Xbasic GuideVariables and Data Types

Variables store values for later use. Before a variable is used either by a script or in an expression, it must be declared. A variable is declared either explicitly as a formal declaration in a script, a table, a set, a form, or an application; or implicitly by assigning it a value for the first time in a script. In general, a variable declaration must specify two things: the name of the variable, and the type of data the variable can contain.

A variable name must start with a letter (A to Z, a to z). Subsequent characters can be alphanumeric or an underscore (A to Z, a to z, 0 to 9, _). Variable names are not case-sensitive, so the names GONZO and Gonzo refer to the same thing. Variable names cannot contain spaces. Xbasic does not prevent you from using a keyword as a variable name; however, you should prefer to avoid using keywords as variable names in your scripts. A list of keywords can be found in "Xbasic Keywords" in the Appendix.

A variable is implicitly defined by assigning it a value with the assignment operator (=), using it in a FOR loop statement, or declaring it as a parameter of a function.

VariableName = Expression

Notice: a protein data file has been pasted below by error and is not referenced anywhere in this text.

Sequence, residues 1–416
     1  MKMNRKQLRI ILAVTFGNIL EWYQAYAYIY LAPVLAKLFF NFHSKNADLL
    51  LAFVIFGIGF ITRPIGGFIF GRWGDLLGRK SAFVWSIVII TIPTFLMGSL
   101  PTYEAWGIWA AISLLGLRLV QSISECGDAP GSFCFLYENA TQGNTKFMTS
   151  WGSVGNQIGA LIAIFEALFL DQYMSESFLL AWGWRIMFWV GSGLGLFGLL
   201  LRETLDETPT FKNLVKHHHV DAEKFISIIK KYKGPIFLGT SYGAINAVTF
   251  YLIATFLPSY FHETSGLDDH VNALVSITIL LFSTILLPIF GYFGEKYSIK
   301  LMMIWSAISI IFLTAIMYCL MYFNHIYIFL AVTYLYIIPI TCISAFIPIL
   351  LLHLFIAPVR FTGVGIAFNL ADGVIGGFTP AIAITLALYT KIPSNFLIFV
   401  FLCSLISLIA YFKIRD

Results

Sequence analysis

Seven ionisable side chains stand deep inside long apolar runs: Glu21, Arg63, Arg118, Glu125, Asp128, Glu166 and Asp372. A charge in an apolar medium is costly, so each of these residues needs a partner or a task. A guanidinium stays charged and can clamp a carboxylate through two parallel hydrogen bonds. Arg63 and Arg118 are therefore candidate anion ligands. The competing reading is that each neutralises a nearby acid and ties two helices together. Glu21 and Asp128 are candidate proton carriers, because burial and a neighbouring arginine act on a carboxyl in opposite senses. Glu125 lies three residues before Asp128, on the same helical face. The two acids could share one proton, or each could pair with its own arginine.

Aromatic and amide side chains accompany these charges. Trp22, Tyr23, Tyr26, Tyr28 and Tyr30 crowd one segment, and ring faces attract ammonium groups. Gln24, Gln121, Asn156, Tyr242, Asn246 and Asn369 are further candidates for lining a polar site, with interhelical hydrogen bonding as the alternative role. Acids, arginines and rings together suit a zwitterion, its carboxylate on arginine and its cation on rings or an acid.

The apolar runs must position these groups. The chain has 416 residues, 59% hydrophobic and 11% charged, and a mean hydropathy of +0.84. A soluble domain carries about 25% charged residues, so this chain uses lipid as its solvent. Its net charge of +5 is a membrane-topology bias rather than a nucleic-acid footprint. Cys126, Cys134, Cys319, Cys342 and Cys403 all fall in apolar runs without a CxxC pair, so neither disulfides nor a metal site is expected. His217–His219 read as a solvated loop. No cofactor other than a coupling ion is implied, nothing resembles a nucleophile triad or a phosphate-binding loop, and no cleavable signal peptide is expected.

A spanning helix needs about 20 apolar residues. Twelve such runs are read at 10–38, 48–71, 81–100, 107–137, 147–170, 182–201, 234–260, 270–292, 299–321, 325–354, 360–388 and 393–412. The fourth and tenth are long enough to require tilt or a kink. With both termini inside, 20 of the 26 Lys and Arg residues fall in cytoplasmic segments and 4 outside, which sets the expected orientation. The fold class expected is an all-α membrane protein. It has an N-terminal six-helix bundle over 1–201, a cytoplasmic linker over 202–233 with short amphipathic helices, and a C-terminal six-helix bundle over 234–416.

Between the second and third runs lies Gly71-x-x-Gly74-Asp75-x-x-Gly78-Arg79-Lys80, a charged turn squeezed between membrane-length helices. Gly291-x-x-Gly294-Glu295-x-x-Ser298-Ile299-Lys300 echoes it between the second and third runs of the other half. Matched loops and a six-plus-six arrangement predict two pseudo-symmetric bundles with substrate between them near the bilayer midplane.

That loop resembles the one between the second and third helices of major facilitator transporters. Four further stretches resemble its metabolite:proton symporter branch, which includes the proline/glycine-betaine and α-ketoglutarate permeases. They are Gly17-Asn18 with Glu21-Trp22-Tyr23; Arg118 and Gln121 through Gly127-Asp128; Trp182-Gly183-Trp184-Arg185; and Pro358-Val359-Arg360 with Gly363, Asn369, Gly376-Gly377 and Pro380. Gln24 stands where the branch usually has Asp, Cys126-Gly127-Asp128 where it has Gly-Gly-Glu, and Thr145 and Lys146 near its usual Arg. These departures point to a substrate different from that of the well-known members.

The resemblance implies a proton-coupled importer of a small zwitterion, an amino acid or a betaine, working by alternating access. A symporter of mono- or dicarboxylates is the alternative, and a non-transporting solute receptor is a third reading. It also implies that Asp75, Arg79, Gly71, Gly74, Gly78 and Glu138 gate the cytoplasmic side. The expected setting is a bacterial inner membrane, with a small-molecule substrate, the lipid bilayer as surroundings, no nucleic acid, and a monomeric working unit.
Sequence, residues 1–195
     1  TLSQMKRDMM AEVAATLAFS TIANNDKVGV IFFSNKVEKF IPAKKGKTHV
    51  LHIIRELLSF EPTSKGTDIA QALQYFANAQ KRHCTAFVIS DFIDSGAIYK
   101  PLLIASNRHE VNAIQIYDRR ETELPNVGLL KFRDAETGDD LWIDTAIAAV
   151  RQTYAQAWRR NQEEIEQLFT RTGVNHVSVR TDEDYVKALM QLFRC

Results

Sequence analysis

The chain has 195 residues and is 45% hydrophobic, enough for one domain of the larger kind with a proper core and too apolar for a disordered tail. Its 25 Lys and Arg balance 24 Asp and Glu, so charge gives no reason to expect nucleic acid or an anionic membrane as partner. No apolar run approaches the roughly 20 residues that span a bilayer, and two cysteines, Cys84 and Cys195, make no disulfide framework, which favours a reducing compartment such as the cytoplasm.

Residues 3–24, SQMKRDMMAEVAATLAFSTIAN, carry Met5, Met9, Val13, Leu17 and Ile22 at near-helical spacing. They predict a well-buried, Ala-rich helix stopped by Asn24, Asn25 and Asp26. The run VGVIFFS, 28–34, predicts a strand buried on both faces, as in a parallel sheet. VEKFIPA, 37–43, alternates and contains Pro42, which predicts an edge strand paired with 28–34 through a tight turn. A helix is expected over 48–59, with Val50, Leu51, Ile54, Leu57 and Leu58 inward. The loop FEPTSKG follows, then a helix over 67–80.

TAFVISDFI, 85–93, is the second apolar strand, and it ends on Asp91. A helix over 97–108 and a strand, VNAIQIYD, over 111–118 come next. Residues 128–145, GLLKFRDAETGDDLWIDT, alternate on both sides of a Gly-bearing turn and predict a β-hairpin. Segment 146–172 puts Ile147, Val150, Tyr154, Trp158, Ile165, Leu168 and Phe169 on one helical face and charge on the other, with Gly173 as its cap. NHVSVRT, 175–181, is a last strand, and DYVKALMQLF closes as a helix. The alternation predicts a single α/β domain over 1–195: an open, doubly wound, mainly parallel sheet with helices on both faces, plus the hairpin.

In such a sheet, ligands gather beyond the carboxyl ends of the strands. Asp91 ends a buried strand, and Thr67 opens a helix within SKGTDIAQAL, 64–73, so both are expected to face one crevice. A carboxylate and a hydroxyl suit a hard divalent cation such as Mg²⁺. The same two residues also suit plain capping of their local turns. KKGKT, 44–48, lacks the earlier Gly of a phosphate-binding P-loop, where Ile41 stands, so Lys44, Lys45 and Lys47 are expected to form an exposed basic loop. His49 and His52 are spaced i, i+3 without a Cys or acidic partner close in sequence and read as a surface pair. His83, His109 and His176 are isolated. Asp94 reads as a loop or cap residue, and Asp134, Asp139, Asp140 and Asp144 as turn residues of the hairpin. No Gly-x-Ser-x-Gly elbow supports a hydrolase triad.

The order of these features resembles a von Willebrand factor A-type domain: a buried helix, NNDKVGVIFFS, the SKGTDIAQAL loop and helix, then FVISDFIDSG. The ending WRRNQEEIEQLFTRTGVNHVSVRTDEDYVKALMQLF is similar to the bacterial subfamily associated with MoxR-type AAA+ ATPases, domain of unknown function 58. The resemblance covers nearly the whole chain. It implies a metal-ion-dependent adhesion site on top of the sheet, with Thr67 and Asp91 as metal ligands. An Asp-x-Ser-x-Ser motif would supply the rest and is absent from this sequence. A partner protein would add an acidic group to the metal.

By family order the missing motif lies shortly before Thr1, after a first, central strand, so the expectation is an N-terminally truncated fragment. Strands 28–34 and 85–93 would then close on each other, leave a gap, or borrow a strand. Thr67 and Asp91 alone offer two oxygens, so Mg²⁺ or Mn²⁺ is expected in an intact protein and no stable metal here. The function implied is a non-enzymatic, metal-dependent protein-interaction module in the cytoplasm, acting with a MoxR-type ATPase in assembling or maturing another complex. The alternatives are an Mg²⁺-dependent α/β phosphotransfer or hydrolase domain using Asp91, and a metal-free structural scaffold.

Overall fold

VariableName[Subscript] = Expression
FOR VariableName = StartValue TO EndValue
FUNCTION FunctionName AS DataType (Parameter AS DataType, Parameter AS DataType,...)

For example:

x = 3
arr[2] = "Orange"
FOR index = 1 TO 10

It is often important to explicitly define a variable before using it in a script. The DIM statement explicitly defines variables:

DIM variable_name AS data_type

For example:

DIM x AS N 'a numeric variable
DIM arr[0] AS C 'a character array
DIM args AS SQL::Arguments 'a SQL Arguments object

An explicit declaration is necessary if it is ambiguous where the variable is used or if Xbasic Strict Mode is enabled. When strict mode is enabled, all variables must be declared before they can be used.

The DIM statement is also necessary if you wish to create a complex variable, such as an array or object pointer variable.

Data Types

In the statement DIM variable_name AS data_type, the data_type declares the type of data stored in the variable. Xbasic data types can be simple types, such as character, logical, or numeric, or more complex types such as arrays, collections, objects, or function pointers. You can also declare that a variable can contain any value.






The variable can contain any data type



Binary data



Alpha-numeric characters



A date between 00/00/0000 and 12/31/9999


Function Pointer

Contains a pointer to a function name



True (.T.) or false (.F.)



A number with a length up to 19 digits


Object Pointer Variable or "Dot Variable"

A reference (pointer) to an object, or a pointer to a "dot" variable